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Scholar, Writer, Mother, Dreamer. Editor of Luminarium, an online library for English Literature of the Middle Ages and Renaissance.

Monday, February 06, 2006

Changing Guard at Shakespeare's Globe

 
When Mark Rylance, then Artistic Director of Shakespeare's Globe in London, announced last year that he was going to retire from the post at year's end, I could feel my heart stop for a moment.  Serving as Artistic Director from the first and shepherding the ambitious project through its first ten years, as well as gifting the world with luminous, inspired Shakespeare performances as leading actor, Rylance to me was the Globe — I greatly fear that the Globe will never again demonstrate the impeccable quality for which it has come to be known.

Paying five pounds (roughly $8) to stand leaning against the stage of "the wooden O" for three hours, rain or shine, while brilliant actors breathe new life to Shakespeare's works in flawlessly reproduced Elizabethan costumes, and the apollonian Mark Rylance (inarguably the greatest Shakespearean actor of our day) being present — that is as close as I've ever come to heaven on earth.  With this news, I feel like I'm in an alternate, Paradise Lost reality, like a rebel angel cast down never to look again on the face of the divine.


If you have not seen Mark Rylance on stage, you will think I'm a giddy schoolgirl exaggerating.  If you have seen Mark Rylance on stage, you will know exactly what I mean. As Pacino once said, "Mark Rylance plays Shakespeare like Shakespeare wrote it for him the night before."  Mark Rylance is a force of nature — he is poetry made flesh.  Visiting the Globe from this day forward will be like visiting a temple that has lost its god.

I was fortunate to see the Globe on their US tour this year and to speak with Mr. Rylance briefly after the show.  He was as lovely and gracious a person as one could have wished!  I have scanned the news daily, but not a word about what his future projects may include.  Ahh, the waiting!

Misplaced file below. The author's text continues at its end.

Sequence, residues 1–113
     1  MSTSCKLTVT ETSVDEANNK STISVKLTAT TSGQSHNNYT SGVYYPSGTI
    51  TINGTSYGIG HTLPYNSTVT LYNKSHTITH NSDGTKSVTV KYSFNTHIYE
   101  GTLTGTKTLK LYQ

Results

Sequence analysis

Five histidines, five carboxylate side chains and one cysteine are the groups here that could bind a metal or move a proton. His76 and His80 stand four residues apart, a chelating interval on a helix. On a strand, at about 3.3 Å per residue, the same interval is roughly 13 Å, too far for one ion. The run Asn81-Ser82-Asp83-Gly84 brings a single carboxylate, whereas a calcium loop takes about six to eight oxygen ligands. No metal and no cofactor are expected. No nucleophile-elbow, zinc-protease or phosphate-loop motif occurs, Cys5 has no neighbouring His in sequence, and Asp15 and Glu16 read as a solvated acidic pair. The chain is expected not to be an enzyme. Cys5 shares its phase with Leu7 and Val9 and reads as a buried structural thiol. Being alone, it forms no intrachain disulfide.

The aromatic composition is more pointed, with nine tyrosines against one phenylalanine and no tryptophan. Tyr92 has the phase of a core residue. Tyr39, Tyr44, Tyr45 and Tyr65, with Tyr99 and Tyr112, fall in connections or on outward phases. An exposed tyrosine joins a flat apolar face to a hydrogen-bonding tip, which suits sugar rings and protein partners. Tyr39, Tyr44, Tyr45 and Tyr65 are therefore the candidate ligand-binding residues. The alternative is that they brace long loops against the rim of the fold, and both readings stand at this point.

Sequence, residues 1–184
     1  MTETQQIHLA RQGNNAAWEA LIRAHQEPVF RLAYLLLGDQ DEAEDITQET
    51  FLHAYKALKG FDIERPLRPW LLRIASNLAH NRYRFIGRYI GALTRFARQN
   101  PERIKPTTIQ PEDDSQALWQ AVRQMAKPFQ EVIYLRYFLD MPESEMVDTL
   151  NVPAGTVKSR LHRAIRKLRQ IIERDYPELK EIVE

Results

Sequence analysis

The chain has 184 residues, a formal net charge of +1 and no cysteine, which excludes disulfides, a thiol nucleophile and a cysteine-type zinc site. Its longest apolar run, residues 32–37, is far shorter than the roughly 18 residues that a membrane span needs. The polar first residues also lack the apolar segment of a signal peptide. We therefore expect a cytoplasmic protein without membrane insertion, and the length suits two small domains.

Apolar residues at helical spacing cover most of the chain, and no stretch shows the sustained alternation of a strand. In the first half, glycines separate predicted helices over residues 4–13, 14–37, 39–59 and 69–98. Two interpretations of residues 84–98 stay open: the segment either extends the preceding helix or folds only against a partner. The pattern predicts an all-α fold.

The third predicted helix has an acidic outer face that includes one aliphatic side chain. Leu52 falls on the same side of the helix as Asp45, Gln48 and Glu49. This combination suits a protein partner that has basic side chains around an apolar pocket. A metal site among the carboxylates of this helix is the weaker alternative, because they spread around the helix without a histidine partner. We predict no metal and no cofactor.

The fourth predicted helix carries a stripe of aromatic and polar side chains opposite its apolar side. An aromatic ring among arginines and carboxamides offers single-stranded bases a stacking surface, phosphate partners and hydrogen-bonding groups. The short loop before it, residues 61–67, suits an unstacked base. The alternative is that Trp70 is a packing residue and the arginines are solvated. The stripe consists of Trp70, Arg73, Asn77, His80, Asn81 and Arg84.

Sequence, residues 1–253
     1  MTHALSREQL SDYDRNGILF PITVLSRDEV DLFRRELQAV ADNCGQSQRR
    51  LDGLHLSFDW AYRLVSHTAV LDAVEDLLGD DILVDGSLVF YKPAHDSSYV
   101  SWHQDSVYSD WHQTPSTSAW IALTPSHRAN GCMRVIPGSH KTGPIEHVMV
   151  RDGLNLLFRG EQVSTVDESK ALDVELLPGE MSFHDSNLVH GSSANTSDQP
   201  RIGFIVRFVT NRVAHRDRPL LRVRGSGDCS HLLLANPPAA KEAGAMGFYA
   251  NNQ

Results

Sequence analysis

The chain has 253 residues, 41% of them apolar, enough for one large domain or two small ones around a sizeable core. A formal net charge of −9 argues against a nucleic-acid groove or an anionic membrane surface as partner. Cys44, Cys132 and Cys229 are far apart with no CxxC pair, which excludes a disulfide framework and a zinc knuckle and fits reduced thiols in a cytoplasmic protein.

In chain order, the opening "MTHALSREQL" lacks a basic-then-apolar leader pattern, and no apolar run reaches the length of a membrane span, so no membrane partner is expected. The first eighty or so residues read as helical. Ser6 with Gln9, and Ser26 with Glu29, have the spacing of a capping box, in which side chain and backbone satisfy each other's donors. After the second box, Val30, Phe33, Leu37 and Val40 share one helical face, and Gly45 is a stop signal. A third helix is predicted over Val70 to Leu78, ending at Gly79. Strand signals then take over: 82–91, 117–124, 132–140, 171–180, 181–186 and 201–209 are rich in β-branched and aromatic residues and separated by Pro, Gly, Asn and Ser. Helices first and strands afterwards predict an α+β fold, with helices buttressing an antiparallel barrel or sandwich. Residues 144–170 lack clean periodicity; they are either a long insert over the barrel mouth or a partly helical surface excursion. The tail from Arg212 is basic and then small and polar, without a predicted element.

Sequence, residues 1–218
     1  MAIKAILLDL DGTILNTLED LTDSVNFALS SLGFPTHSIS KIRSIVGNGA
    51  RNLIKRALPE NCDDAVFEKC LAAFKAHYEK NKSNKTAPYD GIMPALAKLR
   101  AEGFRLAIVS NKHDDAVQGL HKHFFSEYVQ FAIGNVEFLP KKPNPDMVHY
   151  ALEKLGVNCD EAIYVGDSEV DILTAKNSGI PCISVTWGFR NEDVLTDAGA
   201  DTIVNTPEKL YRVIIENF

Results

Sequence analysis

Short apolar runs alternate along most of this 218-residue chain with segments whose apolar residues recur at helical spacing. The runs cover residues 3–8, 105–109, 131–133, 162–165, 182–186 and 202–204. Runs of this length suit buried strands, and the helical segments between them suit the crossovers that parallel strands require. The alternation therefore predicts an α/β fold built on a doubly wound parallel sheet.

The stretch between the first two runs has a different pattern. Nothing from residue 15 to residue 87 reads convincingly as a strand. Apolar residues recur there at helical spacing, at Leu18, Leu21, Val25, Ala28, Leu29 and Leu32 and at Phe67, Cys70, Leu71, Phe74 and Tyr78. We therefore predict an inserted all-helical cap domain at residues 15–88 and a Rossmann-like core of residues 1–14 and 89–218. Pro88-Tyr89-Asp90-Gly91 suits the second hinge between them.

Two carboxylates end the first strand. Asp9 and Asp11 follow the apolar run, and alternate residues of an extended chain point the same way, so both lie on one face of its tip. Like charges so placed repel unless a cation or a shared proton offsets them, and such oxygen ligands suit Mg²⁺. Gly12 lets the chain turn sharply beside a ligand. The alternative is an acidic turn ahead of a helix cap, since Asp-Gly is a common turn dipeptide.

The Globe has, however, announced its appointment of a new artistic director, Dominic Dromgoole, who in turn has announced the coming summer season.  Dromgoole, a veteran director at the RSC and Old Vic, has dubbed the season "The Edges of Rome":  Coriolanus, Titus Andronicus, Antony and Cleopatra, and The Comedy of Errors are the four Shakespeare plays. Interestingly, Dromgoole has also included two modern plays which will have their world premiers: Simon Bent's Under The Black Flag, which follows the pirate Long John Silver in the 17th-century, and Howard Brenton's In Extremis, a story set in 12th-century France, following the relationship of Abelard and Heloise. The casts have yet to be announced, but booking begins February 13.

Fascinating article/interview with Dromgoole by Nick Curtis of the Evening Standard, January 13, 2006.


Considering that the RSC, also under new artistic direction, is presenting the whole canon of Shakespeare's works this year, it promises to be an interesting year for lovers of the Bard. The season includes visiting theatres from around the world, and also provides big names, such as Patrick Stewart (O Captain, My Captain!) as Antony in Antony and Cleopatra and as Prospero in The Tempest.  Time to start saving for that trip to England!

 
Tags: Mark Rylance | Shakespeare | The Globe | RSC | Theatre

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